Back in January 2018, my friends and I travelled the length of Norway where we ended our trip visiting Villmarkssenter in Tromso. Here we experienced one of our best travel moments since starting travelling. As a big dog lover, getting the chance to dog sled in the Arctic circle and spend hours with the dogs was amazing!
However, since writing about my experiences in my Norway Part 2 post, I have had some comments and emails from readers who were worried that dog sledding is cruel to the dogs. Some other readers also commented that it was no different than elephant riding. This was when I decided to look more into Villmarkssenter to show people there was a huge difference between dog sledding and elephant riding.
Firstly, my friends and I have all volunteered to work with elephants that are now in sanctuaries, where we cleaned and fed them. Having the chance to spend our money helping elephants, instead of spending it riding and abusing elephants meant a great deal to us.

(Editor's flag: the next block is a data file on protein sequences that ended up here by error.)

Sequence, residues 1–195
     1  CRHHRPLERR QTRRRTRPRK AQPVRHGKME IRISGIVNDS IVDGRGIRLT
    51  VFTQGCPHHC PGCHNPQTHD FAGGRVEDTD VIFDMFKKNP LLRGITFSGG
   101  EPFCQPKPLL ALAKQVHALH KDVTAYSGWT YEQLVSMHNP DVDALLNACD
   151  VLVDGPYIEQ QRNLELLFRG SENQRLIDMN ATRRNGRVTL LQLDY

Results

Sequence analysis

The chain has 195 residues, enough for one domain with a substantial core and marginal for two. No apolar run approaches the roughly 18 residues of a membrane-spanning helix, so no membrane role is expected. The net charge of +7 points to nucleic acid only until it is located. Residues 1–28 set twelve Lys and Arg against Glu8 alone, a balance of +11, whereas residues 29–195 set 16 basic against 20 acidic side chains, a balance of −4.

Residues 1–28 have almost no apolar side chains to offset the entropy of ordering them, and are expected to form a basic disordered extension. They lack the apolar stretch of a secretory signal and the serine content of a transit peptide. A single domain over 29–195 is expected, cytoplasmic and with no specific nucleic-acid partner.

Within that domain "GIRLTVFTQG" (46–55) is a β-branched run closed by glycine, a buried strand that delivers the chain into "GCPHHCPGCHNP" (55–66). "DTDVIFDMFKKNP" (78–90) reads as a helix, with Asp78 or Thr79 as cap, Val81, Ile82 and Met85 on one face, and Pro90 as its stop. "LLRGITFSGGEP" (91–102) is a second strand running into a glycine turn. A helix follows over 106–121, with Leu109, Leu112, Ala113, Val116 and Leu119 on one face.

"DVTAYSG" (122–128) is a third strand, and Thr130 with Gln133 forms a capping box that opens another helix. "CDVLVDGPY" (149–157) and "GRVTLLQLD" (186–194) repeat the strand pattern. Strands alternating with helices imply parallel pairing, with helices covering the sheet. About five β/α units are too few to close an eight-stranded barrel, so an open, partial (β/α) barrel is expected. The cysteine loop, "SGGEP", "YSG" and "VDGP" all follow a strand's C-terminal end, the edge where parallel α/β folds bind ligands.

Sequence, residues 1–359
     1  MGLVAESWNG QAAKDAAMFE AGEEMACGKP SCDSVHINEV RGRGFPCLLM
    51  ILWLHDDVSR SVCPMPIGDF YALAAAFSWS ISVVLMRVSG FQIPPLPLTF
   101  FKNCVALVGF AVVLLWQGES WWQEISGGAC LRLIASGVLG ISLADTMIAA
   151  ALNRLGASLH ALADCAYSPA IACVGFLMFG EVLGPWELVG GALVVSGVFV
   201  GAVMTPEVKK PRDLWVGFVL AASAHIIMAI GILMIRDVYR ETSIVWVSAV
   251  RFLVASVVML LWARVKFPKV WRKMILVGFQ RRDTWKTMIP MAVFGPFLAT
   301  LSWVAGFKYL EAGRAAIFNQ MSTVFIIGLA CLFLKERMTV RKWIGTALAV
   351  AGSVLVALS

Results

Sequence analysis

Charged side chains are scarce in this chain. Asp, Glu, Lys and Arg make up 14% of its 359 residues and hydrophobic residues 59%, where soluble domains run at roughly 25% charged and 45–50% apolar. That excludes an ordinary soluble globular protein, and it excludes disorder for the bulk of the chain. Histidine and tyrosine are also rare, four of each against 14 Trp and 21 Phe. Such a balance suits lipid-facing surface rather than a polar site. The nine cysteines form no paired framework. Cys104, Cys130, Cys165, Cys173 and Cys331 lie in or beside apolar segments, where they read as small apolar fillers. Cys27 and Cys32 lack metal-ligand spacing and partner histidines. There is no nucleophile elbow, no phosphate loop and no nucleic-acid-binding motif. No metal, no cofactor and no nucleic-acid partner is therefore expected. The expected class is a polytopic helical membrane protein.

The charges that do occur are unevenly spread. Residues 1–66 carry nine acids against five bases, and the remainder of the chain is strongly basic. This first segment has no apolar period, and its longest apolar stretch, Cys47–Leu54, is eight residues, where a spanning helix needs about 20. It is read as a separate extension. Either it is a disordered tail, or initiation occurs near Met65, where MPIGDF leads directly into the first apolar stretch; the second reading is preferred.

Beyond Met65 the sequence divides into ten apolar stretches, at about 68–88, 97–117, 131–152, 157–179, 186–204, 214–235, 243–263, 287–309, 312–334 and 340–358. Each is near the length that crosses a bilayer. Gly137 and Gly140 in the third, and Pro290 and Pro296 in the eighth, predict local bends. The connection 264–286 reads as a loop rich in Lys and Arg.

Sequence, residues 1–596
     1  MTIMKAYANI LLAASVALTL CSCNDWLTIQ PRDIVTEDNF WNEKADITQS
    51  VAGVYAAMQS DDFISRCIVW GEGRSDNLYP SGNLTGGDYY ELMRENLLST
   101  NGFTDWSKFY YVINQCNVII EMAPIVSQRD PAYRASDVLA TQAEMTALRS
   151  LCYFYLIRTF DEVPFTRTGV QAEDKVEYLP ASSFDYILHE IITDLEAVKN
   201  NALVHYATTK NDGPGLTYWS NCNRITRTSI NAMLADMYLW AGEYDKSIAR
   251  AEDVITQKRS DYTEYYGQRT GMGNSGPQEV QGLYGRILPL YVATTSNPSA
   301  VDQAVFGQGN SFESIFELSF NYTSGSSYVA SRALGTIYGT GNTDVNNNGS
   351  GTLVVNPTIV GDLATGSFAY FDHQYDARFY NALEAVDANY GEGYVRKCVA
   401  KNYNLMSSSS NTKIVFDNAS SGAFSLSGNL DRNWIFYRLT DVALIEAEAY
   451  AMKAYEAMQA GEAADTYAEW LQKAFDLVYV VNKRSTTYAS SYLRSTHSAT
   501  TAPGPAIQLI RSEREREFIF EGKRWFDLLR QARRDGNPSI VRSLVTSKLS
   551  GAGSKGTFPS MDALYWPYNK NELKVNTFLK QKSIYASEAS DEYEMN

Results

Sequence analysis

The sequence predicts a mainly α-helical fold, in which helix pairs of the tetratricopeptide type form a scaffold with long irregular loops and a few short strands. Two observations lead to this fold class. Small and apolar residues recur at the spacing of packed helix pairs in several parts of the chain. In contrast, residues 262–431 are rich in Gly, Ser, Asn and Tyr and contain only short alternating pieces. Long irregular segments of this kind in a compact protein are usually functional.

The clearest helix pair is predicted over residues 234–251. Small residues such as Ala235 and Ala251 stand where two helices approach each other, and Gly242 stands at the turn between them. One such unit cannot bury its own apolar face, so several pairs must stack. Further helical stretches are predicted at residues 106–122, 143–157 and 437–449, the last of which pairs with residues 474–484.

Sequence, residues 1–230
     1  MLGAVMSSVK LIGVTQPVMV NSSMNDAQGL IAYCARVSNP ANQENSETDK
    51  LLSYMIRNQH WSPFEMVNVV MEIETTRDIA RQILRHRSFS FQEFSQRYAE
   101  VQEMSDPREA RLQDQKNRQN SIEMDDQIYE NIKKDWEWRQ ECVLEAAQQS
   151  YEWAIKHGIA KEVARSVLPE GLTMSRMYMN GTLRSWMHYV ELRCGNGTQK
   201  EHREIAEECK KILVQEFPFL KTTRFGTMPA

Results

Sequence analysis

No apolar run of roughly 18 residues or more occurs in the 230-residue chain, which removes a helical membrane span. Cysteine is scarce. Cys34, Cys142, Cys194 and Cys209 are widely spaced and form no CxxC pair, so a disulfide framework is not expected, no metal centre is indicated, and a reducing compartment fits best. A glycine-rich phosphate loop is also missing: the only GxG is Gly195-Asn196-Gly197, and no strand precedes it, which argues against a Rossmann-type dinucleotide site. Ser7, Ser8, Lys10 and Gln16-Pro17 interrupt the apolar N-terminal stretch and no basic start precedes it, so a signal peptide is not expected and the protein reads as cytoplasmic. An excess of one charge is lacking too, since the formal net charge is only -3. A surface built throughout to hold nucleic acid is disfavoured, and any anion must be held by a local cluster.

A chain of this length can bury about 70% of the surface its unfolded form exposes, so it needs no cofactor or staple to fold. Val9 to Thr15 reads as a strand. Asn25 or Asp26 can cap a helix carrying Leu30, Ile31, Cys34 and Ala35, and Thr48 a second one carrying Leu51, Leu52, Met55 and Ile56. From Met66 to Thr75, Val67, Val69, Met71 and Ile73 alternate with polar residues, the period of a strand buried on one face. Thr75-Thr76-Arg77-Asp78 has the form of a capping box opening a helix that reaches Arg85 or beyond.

Secondly, we try as much as we can to always research into the companies we use so we don’t contribute to animal abuse.
Therefore, I decided to contact Tromso Villmarkssenter for an interview on how they treat their dogs and how their centre puts the dog’s welfare at the forefront at anything they do.
- If it wasn’t for Tromso Villmarkssenter then what would happen to these dogs? And Could you explain where the dogs come from and why they come to Tromso Villmarkssenter?
Our kennel is not really meant to house rescue dogs. We are partly a racing kennel, around 40 of our dogs are in the “A-team”, the racing team – the rest is mainly running in the guest tours. We are therefore actively breeding dogs for racing, most of them live from the start until the end of their lives at our center! Since Tove bought her first Huskies in 1984, we have slowly built up our kennel by breeding and buying from other mushers.
But of course, we have also taken in dogs from people who couldn’t take care of them anymore, mostly from Norway and Finland.